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Review: I Killed Adolf Hitler

Time travel is one of those subjects that has been one of those subjects that normally has an oversaturation. Such as Zombies, when The Walking Dead came out, it pretty much inspired every auteur to come out of the of the woodworks, and for every major studio, to invest into their own properties, reviving properties like Zombieland and propping World War Z, in record time. At the end of the day, AMC and SyFy has two shows each just about zombies, which proves subjects like these are and have and continue to grab the public’s interest. Which brings me back to time travel, and just how certain actions yield certain consequences.

That is what the Butterfly Effect movies, delve into, as they show how dangerous or how prosperous a certain decision can make your life. The other time travel story, that is probably the most ripped off, and actually works on the concept of the “butterfly effect”, is Star Trek: The original Series episode” City on The Edge of Forever” where Kirk and Spock have to time travel to 1930s New York, to set a course of history right. This exact story has been copied numerous times, and nowhere near the mastery that Harlan Ellison wrote it back then. That is until I read I Killed Adolf Hitler, which takes readers on a wild ride and does it in the spirit of Harlan Ellison.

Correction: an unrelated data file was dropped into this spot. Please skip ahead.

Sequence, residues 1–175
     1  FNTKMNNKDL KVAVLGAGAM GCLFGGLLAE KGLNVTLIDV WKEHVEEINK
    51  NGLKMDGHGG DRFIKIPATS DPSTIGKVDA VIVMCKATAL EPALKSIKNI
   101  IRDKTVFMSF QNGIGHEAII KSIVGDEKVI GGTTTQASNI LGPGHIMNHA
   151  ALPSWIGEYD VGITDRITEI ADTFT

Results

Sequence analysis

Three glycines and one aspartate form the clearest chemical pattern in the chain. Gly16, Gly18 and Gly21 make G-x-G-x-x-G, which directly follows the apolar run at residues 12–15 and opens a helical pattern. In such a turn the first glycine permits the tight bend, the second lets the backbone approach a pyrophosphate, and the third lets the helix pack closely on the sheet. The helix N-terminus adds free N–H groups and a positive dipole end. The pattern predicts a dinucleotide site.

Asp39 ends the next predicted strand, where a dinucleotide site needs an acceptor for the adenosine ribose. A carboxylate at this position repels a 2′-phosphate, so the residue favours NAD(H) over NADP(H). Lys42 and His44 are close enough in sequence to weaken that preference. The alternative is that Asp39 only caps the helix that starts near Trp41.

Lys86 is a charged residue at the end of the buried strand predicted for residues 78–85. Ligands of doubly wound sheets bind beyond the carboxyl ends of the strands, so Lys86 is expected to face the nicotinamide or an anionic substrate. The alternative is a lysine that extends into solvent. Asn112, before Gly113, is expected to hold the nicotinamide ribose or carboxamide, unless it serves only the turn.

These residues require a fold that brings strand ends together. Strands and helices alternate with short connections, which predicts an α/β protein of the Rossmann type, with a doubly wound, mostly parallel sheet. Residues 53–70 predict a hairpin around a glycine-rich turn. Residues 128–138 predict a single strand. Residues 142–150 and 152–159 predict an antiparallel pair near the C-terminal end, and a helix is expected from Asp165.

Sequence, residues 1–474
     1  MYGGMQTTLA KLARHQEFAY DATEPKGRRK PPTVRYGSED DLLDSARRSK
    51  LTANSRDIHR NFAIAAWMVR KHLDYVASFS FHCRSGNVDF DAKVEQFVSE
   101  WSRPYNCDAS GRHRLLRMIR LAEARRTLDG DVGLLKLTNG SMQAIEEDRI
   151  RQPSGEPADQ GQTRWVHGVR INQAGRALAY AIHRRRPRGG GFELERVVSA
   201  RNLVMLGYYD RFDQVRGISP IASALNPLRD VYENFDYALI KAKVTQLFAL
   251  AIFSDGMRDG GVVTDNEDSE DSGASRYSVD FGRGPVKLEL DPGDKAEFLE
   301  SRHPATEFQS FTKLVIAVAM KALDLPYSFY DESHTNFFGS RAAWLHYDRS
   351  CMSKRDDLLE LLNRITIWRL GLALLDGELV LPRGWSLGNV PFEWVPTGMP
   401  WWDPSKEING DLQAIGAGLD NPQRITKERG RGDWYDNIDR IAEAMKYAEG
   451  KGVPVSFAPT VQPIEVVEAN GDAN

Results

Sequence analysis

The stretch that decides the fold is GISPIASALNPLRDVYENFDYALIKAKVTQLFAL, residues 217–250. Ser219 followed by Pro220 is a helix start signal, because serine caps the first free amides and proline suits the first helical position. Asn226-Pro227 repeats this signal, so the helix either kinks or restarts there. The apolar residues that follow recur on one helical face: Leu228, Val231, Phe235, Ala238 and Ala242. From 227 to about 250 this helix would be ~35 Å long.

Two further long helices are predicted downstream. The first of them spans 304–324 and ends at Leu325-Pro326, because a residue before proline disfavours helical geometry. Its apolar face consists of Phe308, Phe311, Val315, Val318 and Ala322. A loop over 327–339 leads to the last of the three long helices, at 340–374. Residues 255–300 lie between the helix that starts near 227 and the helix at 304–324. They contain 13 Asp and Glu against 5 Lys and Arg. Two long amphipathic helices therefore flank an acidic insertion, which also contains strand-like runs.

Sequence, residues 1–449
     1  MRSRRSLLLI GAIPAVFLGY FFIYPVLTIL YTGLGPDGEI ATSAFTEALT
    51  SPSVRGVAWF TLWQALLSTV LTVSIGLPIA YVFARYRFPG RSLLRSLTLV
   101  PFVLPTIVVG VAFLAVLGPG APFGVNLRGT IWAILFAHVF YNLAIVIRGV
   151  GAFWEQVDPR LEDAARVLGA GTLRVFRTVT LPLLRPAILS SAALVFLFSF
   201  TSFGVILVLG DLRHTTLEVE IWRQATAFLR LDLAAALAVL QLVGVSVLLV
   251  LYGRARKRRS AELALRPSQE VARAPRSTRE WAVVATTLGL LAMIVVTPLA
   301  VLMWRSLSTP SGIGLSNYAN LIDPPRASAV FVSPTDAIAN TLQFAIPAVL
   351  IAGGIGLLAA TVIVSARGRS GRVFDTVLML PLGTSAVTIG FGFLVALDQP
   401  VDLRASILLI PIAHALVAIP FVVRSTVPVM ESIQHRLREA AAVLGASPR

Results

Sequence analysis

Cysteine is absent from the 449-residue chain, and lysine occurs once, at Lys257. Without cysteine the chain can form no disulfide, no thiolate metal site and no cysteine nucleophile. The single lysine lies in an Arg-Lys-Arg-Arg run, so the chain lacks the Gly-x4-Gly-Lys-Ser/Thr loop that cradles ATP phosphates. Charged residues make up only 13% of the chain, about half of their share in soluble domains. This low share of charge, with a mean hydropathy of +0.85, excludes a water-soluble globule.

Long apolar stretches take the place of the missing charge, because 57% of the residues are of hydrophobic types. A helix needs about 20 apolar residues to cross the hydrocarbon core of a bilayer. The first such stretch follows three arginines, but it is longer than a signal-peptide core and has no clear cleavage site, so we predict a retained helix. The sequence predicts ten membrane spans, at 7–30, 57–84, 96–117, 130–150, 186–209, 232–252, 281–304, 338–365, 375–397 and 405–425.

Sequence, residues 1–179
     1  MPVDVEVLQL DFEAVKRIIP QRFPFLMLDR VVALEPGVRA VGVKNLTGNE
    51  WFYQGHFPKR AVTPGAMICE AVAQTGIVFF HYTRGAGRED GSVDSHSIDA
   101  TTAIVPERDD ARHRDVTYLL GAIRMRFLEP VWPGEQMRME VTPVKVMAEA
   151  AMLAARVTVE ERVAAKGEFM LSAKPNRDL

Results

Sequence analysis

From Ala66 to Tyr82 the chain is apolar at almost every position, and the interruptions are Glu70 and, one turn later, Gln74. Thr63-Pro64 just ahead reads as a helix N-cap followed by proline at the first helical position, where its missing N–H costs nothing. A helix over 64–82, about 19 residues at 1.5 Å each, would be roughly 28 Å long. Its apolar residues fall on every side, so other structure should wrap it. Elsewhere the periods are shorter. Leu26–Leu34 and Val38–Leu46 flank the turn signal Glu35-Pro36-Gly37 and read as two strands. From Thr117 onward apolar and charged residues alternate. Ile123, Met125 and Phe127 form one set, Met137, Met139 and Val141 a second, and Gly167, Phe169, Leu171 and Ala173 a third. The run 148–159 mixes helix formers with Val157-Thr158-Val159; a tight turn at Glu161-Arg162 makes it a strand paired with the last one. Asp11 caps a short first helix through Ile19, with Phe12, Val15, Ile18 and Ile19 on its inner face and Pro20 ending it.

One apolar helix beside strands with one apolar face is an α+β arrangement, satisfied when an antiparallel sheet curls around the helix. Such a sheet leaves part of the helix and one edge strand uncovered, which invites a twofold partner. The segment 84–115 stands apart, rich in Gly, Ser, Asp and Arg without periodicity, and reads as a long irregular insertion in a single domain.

In this story, we, meet a hitman, in a world where being hitman is as common as being an insurance salesman, as our main character deal with office politics, and unsure girlfriends. He meets an older client, who offers him a strange job, one where he gets to time travel and as the title suggest, kill the vilest man of the 20th century. What follows, is Hitler time traveling to the future, where the Hitman must find him. By story’s end, the implications of time travel, much like Ellison’s tale, can merely a matter of inches.

Overall, a funny and perplexing story, that engages the reader, brings the along a very familiar path and then a throws a monkey wrench in the works. The art by Jason, is lively and realistic at some points. The story by Jason, is more than your typical time travel story, as it gives new dimensions to the morality tale. Altogether, a fun ride of a story, that will surprise you at every turn, as it turns what could have been a mundane often told story into a hidden love story.

Story: Jason Art: Jason
Story: 10 Art: 10 Overall: 10 Recommendation: Buy